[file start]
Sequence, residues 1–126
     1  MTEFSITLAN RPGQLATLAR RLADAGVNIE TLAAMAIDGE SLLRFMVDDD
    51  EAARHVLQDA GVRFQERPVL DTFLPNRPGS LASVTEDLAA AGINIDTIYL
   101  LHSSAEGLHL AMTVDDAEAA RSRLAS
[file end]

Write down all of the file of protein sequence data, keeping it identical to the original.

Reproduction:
Sequence, residues 1–126
     1  MTEFSITLAN RPGQLATLAR RLADAGVNIE TLAAMAIDGE SLLRFMVDDD
    51  EAARHVLQDA GVRFQERPVL DTFLPNRPGS LASVTEDLAA AGINIDTIYL
   101  LHSSAEGLHL AMTVDDAEAA RSRLAS